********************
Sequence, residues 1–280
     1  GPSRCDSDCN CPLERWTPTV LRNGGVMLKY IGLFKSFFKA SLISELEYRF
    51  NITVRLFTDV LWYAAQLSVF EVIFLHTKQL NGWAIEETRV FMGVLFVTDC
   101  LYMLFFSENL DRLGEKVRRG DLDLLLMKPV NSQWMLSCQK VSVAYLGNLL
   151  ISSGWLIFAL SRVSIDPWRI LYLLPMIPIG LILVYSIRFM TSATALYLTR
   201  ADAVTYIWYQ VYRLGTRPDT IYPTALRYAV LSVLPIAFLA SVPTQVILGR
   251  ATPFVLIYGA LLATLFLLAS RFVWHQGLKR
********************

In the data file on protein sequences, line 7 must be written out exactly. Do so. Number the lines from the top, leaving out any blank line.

   251  ATPFVLIYGA LLATLFLLAS RFVWHQGLKR